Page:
What Causes a Urinary Tract Infection?


Anyone who has ever had a urinary tract infection (UTI) can speak firsthand about what a painful and irritating experience it can be. Although men can get UTIs as well, they are far more prevalent in women. According to the National Kidney Foundation, 1 in every 5 women will have a UTI at some point in her life, making it one of the most common infections for women. To help our readers prevent these unfortunate infections before they occur, our gynecological health providers have taken time to outline the most common causes of urinary tract infections.

Having Vaginal Intercourse

Many UTIs occur as a result of having sex. During intercourse, bacteria can be transferred from the bowel or vaginal cavity into the urethra. We recommend emptying your bladder within 30 minutes of having sex to help lower your risk of getting a UTI.

Holding in Your Pee

Holding in our urine for extended periods of time (6 hours or more) can increase your risk of a UTI. When your bladder is full for this long, harmful bacteria have more time to overgrow and cause an infection. Even while traveling or when it may seem inconvenient, it’s important to go if you feel the need to do so.

Certain Forms of Birth Control

Switching forms of birth control can create a hormone shift in your body. This shift can alter the bacteria in the vagina, increasing the odds of a UTI. Additionally, using a diaphragm or spermicides may also cause an uptick in UTI risk for some women.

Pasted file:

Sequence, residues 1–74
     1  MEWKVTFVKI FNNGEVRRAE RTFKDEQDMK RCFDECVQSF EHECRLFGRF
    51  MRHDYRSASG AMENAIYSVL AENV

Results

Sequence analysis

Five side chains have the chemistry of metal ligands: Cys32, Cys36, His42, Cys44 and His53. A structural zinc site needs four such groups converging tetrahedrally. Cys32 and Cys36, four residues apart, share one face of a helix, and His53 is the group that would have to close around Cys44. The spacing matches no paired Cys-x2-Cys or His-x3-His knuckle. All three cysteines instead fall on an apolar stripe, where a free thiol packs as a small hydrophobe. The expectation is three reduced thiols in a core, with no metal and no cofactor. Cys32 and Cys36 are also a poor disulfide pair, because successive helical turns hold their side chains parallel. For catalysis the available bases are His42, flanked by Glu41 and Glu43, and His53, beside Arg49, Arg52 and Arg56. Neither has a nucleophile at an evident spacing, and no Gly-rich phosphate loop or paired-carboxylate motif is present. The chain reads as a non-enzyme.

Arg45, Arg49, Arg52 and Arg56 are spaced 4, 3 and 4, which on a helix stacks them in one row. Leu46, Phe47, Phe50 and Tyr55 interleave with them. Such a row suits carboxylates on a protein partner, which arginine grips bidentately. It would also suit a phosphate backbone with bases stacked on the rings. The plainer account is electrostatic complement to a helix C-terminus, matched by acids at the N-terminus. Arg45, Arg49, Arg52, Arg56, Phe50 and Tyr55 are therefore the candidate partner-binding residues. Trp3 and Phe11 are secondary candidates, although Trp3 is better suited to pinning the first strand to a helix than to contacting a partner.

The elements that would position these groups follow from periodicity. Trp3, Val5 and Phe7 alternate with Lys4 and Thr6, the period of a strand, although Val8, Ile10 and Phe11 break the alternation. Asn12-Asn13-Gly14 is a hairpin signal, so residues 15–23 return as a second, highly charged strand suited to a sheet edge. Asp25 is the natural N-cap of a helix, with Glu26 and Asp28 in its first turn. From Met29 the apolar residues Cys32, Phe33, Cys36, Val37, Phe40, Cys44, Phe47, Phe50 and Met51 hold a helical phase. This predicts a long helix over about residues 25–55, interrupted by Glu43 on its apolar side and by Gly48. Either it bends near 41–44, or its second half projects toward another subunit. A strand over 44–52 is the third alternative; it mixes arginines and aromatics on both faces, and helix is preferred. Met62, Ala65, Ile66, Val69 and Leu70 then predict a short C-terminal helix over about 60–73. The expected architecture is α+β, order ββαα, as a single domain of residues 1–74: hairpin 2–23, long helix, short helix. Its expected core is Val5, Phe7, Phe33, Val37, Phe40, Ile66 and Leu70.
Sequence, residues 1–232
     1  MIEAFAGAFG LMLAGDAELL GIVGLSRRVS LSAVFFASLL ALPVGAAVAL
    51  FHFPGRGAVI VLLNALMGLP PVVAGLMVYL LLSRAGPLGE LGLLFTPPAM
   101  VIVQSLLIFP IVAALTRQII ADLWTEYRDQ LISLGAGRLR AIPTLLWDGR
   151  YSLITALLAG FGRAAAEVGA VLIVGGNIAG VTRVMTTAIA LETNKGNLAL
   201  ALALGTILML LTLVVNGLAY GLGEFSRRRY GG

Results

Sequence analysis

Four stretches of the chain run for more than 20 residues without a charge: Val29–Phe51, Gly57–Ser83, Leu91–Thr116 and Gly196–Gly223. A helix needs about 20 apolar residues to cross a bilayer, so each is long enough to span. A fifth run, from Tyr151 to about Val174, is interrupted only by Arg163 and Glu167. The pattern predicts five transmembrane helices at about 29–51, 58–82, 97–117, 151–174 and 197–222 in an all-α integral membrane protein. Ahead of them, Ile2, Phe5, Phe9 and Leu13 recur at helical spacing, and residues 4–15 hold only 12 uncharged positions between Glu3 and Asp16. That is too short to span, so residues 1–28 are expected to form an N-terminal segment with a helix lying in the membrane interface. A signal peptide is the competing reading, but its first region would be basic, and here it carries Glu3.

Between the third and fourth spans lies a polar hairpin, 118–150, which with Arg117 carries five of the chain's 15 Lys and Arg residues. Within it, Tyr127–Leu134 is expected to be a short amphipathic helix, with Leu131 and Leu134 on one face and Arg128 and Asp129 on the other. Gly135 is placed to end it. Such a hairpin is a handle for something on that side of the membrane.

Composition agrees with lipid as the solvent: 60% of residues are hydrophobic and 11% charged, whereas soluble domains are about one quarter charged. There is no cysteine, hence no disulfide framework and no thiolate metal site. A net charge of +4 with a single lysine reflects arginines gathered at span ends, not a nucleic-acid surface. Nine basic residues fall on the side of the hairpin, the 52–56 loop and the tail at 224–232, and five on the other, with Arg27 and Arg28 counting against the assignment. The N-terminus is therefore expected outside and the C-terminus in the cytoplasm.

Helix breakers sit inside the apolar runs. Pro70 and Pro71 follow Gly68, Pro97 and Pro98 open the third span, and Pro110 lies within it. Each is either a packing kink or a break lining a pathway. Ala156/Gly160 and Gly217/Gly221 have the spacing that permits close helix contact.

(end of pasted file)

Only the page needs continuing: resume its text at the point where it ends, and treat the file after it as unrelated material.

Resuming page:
Certain Underwear & Feminine Products

We recommend changing dirty feminine pads and tampons frequently to help avoid UTIs while on your period. The type of underwear you choose matters too. Cotton underwear helps prevent excess moisture that can lead to excess bacterial growth. Avoid thongs with a thin G-string that can transfer bacteria.

Kidney Stones

In addition to being extremely painful, kidney stones are also commonly responsible for causing UTIs. Kidney stones can block the urinary tract, backing up urine and promoting an environment for bacteria to grow.

The good news is that, while painful, UTIs can be easily treated. Based on the specifics of your infection and medical history, we will prescribe a course of oral antibiotics that can generally take care of a UTI within a week. For more information or if you would like to request an appointment with board-certified gynecologist Dr. Kristine Gould or certified physician assistant Nikki McCann, please contact Gynecology Associates of Gwinnett today. Follow us on Facebook, Twitter, and Google+ for more tips and updates, and details on our upcoming Health & Wellness events.


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